More recently he's said his hope lies "in that powerful force that takes over our lives when we sense that our tribe or nation is threatened from outside". However, he's also said "I do think it will take a disaster to wake us up''. Let's hope, on that score at least, and for all our sakes, he's wrong.
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2 of 2 people found the following review helpful
5.0 out of 5 stars A tremendously life-affirming read., 23 May 2010
By 
Mr. Bruce Mcdonald "LazyOaf" (Berkshire, UK) - See all my reviews
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After hearing James Lovelock discussing his ideas and his central theme; the Gaia hypothesis, so eloquently on the recent BBC4 series; 'Beautiful Minds', I decided to pursue my interest in the idea with the purchase of this book. I was not disappointed.

This text elucidates in a clear and easy to understand manner the central tenets of Lovelock's 'philosophy', namely that the earth and all life upon and within it represents a single, self regulating system. To me, this idea seems remarkably intuitive and almost logical. However, I think that Lovelock does himself no favours and ,indeed, leaves himself open to attack from evolutionary biologists with the choice of language used in this book. To talk of the purpose of substances produced by life forms brings with it connotations of 'Mother Nature' and her maternal ways that offer an easy route for detractors to criticise what is otherwise an excellent and lucid book.
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30 of 36 people found the following review helpful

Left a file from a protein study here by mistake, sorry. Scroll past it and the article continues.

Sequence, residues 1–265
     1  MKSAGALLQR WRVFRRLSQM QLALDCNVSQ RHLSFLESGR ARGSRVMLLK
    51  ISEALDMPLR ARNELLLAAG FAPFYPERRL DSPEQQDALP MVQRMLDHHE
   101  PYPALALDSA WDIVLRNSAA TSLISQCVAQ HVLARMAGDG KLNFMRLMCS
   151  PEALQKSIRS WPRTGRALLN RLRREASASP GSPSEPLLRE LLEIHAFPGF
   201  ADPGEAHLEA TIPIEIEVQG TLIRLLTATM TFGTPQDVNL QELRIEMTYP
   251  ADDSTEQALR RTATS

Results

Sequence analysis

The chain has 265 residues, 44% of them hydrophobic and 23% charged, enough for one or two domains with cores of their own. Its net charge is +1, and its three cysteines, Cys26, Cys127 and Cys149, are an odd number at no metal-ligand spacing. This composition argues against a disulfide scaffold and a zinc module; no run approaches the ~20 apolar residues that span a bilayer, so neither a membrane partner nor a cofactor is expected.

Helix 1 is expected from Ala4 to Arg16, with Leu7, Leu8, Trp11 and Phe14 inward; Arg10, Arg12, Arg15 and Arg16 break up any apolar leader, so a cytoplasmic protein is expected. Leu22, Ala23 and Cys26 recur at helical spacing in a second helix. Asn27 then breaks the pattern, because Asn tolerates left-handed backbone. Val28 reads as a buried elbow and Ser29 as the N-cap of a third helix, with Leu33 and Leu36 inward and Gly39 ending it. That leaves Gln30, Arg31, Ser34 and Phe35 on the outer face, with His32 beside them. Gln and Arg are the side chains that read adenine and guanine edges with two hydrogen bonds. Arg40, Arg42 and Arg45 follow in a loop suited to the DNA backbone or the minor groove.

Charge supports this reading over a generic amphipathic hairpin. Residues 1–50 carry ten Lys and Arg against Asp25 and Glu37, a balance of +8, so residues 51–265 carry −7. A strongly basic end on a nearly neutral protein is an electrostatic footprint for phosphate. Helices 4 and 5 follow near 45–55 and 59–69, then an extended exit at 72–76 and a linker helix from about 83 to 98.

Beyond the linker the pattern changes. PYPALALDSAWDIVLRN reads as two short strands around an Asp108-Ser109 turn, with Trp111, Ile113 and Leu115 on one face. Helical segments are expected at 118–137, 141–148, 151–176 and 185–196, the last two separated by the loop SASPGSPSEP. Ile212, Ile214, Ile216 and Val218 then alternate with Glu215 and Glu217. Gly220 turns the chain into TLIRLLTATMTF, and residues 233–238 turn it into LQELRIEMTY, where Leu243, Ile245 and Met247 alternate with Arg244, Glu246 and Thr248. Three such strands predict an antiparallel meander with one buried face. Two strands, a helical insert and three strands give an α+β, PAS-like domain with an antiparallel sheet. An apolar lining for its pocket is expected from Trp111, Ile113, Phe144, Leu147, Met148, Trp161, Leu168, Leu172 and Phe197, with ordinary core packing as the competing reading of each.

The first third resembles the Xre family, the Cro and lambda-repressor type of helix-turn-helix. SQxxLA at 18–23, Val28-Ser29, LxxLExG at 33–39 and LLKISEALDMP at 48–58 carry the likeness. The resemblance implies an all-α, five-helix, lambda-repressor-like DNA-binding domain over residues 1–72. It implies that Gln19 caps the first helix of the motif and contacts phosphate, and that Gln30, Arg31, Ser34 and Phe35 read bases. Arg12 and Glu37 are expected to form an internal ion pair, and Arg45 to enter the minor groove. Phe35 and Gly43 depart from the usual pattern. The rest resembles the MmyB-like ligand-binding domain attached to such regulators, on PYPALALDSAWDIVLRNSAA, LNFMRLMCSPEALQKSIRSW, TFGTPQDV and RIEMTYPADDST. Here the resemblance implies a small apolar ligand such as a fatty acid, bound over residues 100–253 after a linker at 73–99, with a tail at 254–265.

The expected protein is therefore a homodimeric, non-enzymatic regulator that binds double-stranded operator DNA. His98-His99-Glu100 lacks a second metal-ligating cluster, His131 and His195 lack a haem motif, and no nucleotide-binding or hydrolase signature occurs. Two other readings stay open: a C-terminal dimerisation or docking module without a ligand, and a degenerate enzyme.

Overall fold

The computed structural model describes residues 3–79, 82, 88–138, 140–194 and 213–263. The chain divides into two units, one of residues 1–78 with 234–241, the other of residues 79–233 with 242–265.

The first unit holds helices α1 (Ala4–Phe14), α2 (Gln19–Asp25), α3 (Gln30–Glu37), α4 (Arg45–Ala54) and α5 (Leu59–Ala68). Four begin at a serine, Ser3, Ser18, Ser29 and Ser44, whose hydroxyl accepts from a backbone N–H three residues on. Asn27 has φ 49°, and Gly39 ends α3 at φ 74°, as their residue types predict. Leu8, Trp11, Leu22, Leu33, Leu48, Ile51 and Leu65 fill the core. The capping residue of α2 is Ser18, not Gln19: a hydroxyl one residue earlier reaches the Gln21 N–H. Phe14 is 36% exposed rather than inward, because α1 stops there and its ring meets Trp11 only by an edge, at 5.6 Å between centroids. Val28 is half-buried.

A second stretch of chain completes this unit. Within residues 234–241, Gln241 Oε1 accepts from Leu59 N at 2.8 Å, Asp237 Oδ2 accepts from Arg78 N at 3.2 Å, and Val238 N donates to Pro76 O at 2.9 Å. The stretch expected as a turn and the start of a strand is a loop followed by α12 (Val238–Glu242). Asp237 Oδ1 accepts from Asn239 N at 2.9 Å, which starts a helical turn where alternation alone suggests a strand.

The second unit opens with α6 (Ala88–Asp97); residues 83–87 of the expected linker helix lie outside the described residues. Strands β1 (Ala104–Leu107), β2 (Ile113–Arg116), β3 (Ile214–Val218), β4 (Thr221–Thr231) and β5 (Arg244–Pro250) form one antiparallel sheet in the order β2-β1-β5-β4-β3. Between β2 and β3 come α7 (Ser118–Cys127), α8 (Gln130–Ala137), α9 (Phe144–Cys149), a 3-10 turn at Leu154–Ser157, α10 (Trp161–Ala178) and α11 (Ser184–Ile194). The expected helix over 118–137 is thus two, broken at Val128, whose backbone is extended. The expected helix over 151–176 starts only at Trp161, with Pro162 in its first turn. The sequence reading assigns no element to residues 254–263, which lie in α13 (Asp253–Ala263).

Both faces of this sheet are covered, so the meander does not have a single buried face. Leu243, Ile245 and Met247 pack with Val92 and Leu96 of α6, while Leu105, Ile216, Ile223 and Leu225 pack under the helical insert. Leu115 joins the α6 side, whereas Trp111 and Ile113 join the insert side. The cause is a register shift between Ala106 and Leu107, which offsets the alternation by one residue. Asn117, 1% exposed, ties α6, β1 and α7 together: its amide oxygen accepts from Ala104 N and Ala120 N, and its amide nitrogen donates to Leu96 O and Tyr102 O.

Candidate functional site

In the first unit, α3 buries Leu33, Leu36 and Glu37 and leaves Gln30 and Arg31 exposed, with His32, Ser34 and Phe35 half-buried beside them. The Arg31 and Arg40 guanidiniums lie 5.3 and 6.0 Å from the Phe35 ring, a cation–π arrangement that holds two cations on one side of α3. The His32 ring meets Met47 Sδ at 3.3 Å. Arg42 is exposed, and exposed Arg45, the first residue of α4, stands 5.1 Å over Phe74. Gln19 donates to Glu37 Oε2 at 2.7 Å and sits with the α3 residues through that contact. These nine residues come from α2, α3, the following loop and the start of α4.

4.0 out of 5 stars easy-to-read; a beginners guide to Gaia, 20 Aug 2001
By A Customer
This review is from: Gaia: A New Look at Life on Earth (Paperback)
"Gaia: A New Look at Life on Earth" explores the idea that the earth is a self-regulating, homeostatic system. Lovelock discusses the history of life on earth and the impact that all living creatures, from micro-organisms to humans, have had on our ever-changing planet. "Gaia" is clearly written, if a little informal at times, with short concise chapters explaining evidence for the existence of Gaia; the interaction between the biotic and abiotic parts of the earth and its atmosphere necessary to maintain constant gaseous and oceanic conditions to sustain life. Suitable for geographers and scientists alike, "Gaia" is an extension of Darwinian theory. This book challenges conventional theories and throws new light on the causes and consequences of current and topical environmental issues. Highly recommended. I will be reading more by Lovelock in the future.
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1 of 1 people found the following review helpful
5.0 out of 5 stars Great book, 12 Jan 2013
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I've always wanted to read James Lovelock's books on Gaia and i wish all of them were available on Kindle
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1 of 1 people found the following review helpful
5.0 out of 5 stars A very interesting theory, 28 Dec 2012
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This review is from: Gaia: A New Look at Life on Earth (Paperback)
I enjoyed this book very much, although I'm still not sure if Gaia is alive. Gaia exhibits local entropy reduction which is a character of life, but so does the galaxy with star formation in the spiral arms. The book is thought provoking and has been updated well in this edition, although the importance of chaos theory to support the Gaia theory is not adequately explored. Deep Simplicity Deep Simplicity: Chaos, Complexity and the Emergence of Life (Penguin Press Science) expanded on this and I would recommend it.
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Gaia: A New Look at Life on Earth
Gaia: A New Look at Life on Earth by James Lovelock (Paperback - 28 Sep 2000)